I recently had the pleasure of interviewing Elizabeth Briody, founder and principal of Cultural Keys, on my podcast Anthropology in Business. Elizabeth is a true pioneer in the field of business anthropology, with an impressive career including 24 years at General Motors and numerous influential books to her name. Our wide-ranging discussion covered her journey into anthropology, her groundbreaking work studying organizational culture, the challenges of being an anthropologist in a corporate setting, and her latest passion project – the Career Readiness Commission.

Here are some of the key insights and stories Elizabeth shared.

Applying Anthropology to Organizational Culture

One of the most critical aspects of Elizabeth’s career has been her ability to apply anthropological methods to study work and organizational culture across very different settings. As she explained:

“I don’t really see much difference between studying designers and engineers in comparison with Catholic sisters and farm workers.”

Whether it was janitors, nuns, farm workers, or engineers, Elizabeth found common themes around the centrality of work to people’s lives and identities:

“Work is something that is part of most people’s lives. It’s critically important and central to their identity.”

Being an “Organizational Doctor” at General Motors

Elizabeth shared fascinating stories of her time as the first anthropologist at GM. She saw her role as that of an “organizational doctor,” diagnosing cultural issues and providing recommendations to improve organizational effectiveness.

This included uncovering eye-opening insights such as:

“When you find evidence that people are hoarding parts, that they’re blaming each other, that there’s this massive trading network on the plant floor to make sure you have the parts you need…all of that was just brand new information for senior leadership in the company.”

When uncovering such behaviors, Elizabeth emphasized the importance of maintaining objectivity and letting the data speak for itself, even when the findings made some clients uncomfortable. Her detailed research reports aimed to uncover both the positives and negatives of work culture at GM.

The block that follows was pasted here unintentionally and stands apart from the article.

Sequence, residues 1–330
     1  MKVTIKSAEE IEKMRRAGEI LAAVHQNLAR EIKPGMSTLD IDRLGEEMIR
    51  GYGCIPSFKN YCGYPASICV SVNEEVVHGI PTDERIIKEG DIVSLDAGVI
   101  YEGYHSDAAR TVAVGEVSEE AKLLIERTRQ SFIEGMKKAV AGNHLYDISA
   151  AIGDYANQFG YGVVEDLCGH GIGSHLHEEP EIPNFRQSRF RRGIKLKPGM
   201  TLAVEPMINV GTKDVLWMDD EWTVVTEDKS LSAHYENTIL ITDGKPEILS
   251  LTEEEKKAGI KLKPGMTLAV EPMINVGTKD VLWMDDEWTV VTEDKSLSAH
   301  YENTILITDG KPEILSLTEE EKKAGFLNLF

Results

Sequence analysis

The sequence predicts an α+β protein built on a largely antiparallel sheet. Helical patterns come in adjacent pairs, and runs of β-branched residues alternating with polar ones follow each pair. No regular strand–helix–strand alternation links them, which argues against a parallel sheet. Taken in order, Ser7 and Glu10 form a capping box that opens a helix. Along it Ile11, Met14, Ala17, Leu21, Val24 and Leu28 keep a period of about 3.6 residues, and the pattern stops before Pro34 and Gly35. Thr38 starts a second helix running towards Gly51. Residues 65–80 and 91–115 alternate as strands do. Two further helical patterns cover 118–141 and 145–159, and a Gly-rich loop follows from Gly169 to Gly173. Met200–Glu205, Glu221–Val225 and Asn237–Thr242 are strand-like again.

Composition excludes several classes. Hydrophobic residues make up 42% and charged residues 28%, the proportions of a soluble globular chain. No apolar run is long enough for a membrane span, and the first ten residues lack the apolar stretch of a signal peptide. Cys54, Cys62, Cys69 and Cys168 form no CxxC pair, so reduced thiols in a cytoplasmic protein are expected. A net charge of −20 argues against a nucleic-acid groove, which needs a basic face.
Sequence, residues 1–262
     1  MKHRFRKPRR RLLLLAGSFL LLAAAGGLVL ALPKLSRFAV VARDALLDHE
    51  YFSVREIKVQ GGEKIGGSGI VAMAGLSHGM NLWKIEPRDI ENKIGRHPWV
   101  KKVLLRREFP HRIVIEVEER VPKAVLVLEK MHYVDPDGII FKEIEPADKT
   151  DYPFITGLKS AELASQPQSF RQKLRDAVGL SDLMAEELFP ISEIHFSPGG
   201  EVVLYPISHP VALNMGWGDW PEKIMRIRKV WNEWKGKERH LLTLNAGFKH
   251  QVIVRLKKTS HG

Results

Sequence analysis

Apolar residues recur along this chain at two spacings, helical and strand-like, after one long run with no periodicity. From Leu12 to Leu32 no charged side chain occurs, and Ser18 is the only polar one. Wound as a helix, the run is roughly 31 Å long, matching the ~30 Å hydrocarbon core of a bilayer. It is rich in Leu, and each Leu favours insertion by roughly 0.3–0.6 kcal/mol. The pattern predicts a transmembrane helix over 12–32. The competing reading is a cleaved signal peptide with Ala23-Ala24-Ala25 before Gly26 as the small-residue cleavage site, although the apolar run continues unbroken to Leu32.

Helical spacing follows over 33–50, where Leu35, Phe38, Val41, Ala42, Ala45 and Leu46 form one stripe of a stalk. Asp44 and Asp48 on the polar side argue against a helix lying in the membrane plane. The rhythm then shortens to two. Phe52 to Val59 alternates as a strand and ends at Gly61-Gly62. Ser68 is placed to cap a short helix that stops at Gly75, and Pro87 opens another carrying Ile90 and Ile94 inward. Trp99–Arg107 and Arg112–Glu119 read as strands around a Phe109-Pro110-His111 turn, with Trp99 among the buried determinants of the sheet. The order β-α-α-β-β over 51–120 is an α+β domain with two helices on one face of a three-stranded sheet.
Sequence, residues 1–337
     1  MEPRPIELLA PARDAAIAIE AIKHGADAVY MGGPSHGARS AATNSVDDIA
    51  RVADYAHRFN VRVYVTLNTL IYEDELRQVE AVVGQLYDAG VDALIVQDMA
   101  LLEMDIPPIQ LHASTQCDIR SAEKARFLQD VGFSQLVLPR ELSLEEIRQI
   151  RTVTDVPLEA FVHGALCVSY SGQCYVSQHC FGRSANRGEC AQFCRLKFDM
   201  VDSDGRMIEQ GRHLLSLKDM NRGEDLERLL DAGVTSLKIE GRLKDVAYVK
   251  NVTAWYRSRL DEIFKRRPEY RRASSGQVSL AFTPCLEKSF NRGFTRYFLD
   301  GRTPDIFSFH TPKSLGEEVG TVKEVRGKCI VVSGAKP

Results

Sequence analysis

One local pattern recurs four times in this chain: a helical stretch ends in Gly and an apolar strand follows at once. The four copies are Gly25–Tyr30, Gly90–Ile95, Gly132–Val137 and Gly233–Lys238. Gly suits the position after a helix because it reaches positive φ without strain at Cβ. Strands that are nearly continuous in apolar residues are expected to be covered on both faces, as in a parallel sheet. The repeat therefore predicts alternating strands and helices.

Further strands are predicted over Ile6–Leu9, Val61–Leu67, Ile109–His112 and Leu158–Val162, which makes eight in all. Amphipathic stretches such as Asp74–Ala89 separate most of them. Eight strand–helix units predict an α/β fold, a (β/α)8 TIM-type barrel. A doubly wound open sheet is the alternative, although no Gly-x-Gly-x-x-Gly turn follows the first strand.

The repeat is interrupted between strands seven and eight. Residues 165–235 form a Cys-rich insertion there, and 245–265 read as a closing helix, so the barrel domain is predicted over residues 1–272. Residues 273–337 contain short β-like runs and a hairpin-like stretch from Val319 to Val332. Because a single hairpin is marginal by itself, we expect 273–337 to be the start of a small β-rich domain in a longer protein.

Selling Anthropology as an Entrepreneur

After her long tenure at GM, Elizabeth made the leap into independent consulting as the founder of Cultural Keys. She reflected on the challenges of educating potential clients on the value anthropological methods can bring to their organizations.

“Each client is different. Most are unfamiliar with what an anthropologist does, and so there’s a great deal of educating that you have to do through conversation with the client.”

She went on to say:

“You are working for that client. And so what that client wants, I try to give through the tools and methods that I have available to me.”

Based on her perspective, key aspects of succeeding as an anthropological entrepreneur include:

  • Translating anthropological concepts into terms clients understand
  • Tailoring research methods to the client’s needs, timeline and budget
  • Delivering actionable insights and recommendations through engaging presentations

Preparing the Next Generation: The Career Readiness Commission

Troubled by the lack of preparation anthropology students receive for non-academic careers, Elizabeth recently launched an initiative called the Career Readiness Commission. Her goal is to help anthropologists successfully apply their skills in diverse work settings.

“We need to do a much better job in preparing future graduates at whatever level to enter the workplace and enter into organizations.”

The commission aims to provide critical resources and guidance in areas like:

  • Articulating the value of anthropological skills to employers
  • Gaining practical experience through real-world projects
  • Accessing a repository of career-related articles, podcasts, workshops and more

“Everything is really focused on helping students and early career professionals be able to explain the value of anthropology, broadly speaking, to others so that you can get a job and keep a job.”

One innovative example Elizabeth shared was Rollins College having anthropology students do mock job interviews where they have to make the case for being hired based on their anthropological training. This forces students to reflect on the key skills they’ve gained.

The Promising Future of Anthropology in Business

Elizabeth concluded with an optimistic vision for the impact anthropology can make across industries in the coming years:

“I think that because there’s such a large body of practitioners out there now…anthropology can have a much more sustained impact in industry, in non-profits, in government, and of course in academia, going forward.”

I’m grateful to Elizabeth for coming on the podcast and sharing her pioneering work and perspective. Be sure to check out the full episode for even more insights. You can learn more about Elizabeth’s work at culturalkeys.us.

And stay tuned for updates from the Career Readiness Commission at their website anthrocareerready.net. It’s an exciting initiative to empower the next wave of anthropologists in business!